The first half of the book focuses on relating to God because our relationship with God is the source of how we relate to others. Our relationship with the Lord may be more difficult to grasp because we can’t see him or actually sit down and have a face-to-face conversation like we would with another person in the room, but it is foundational. If we love God, we will love others, Jesus said. If we personally know the forgiveness of God, we will show that same forgiveness and love to others. If we know Jesus humbled himself for us, then that will shape us to live in humility with others as well. We will only relate to people biblically to the extent that we’re relating well to God biblically.

Q: What is the difference between a difficult and a broken relationship? Do we have to work on those relationships or can we try to eliminate those from our lives?

In this study, the week on difficult relationships is what my kids would call “Dealing with Annoying People.” Since “annoying” may not be the best way to label people, we thought “difficult” would be more appropriate. This week stands in contrast to the one on broken relationships which focuses on handling relational conflict. The Bible teaches we should, where possible, live at peace with all people. This chapter walks young teens through some basic Bible teaching on personal conflict and restoration.

Q: Why was it important to have a chapter on relationships within the church?

Most teens who will use this study will likely be followers of Jesus Christ, and most Christians are also part of a church. That’s the ideal we see in Scripture. As it’s been said, while Christianity is a personal matter, it’s never private. Believers are part of a larger group of believers, the family of God, the Body of Christ, the church. So, since most teens who would use this study would also be part of a church with other believers, we wanted to include a chapter to discuss some of the relational challenges and opportunities which are found within the church.

Q: What is the most important lesson about relationships you hope students learn?

Most fundamentally, I hope that students grow in their conviction to obey the two greatest commands given by Jesus Christ. Our Lord said the two greatest commandments, the directions which sum up all the rest of the Bible’s commands, are: Love God and love people. If teens learn the importance of relying on God to pursue loving him and other people, then this study will have been a success.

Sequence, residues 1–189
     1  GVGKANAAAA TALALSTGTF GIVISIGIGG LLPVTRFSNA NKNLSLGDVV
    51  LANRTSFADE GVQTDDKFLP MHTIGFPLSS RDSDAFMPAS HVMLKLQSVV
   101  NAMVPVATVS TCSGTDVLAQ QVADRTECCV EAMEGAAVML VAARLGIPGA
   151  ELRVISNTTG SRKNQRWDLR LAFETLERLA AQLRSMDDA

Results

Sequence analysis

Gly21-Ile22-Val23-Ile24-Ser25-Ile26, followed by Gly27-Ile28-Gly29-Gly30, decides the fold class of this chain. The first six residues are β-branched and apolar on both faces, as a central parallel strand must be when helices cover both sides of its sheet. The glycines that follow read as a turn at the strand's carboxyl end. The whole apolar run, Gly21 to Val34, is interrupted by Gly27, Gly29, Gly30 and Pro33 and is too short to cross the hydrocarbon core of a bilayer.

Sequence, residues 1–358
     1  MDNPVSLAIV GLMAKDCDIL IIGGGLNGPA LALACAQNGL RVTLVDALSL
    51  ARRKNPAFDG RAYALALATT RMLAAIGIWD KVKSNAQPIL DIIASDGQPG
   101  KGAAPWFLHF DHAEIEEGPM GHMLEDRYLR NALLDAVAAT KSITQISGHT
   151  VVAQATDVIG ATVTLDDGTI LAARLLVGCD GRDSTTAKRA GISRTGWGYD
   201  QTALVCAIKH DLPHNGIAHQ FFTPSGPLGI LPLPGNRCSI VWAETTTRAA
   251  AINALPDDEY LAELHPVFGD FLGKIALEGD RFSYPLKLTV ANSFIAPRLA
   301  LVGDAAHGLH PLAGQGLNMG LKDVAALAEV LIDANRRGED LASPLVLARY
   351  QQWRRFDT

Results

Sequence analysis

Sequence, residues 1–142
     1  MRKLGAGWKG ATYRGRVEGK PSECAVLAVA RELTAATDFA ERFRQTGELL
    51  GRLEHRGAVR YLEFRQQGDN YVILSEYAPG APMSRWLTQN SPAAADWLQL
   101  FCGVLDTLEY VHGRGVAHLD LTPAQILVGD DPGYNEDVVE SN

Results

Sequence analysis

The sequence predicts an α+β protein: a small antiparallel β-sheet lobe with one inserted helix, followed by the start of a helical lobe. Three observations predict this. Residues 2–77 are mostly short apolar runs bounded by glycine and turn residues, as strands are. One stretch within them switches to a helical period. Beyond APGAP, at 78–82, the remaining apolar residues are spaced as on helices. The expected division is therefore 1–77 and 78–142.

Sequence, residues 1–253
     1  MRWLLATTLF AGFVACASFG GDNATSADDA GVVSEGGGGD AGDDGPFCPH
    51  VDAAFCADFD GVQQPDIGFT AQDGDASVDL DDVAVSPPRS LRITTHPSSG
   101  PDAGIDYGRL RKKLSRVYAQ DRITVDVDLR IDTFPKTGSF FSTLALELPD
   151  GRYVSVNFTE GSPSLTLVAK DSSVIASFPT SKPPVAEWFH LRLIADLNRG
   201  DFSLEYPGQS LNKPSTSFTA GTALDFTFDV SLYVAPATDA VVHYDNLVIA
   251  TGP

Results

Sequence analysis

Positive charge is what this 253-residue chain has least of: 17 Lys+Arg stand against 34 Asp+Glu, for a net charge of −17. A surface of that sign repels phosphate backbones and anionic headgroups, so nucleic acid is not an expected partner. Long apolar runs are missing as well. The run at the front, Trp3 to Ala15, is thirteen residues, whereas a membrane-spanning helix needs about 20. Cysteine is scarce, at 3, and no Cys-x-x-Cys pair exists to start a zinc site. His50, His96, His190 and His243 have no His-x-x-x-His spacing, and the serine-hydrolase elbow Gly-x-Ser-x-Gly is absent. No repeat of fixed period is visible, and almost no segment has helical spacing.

But secondarily, I hope teens will also gain the lifelong practice of looking at all of life through the three lenses of good, bad, and new. This three-part grid can be used to examine all kinds of relationships, as well as so much more. You can use good/bad/new to evaluate your connection to work, food, sports, technology, recreation, entertainment, money, etc. If it’s part of the created order, good/bad/new has something to say to us about that particular thing. If teens learn to adopt the good/bad/new telescope as a portable lens on the world, they’ll never view life the same way.

Q: This study comes with a companion Teacher Guide. Do you have to use one to use the other?

If you work with young teens, the Teacher Guide will be a help to you as you walk through this thirteen-week study with your young person. If young teens want to use the study on their own, no Teacher Guide is required; however, moms or dads may still find it useful to have one on hand to facilitate and encourage discussion with their teen.


Radically Different by best-selling author Champ Thornton is an insightful guide for middle and high school students who want to live radically even though life and relationships are complicated. By examining life through the biblical lenses of Creation, Fall, and Redemption, readers can explore how God’s Word untangles the twists of life.

About the author

Champ Thornton

Champ Thornton, PhD, and his wife, Robben, live in Newark, Delaware and enjoy being parents to three energetic children. He is the author of several books, including Radically Different, The Radical Book for Kids, The Really Radical Book for Kids, Pass It On: A Proverbs Journal for the Next Generation, Why Do We Say Goodnight?, Wonders of HIs Love, The Serpent Slayer and the Scroll of Riddles, and Why Do We Say Thank You?.